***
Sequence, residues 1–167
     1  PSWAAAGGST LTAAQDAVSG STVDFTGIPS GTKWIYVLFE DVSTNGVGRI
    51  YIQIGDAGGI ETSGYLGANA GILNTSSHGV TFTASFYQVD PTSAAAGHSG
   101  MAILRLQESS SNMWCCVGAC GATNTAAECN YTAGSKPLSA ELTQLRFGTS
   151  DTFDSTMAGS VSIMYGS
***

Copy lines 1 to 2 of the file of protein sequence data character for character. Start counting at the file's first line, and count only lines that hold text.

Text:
Sequence, residues 1–167
     1  PSWAAAGGST LTAAQDAVSG STVDFTGIPS GTKWIYVLFE DVSTNGVGRI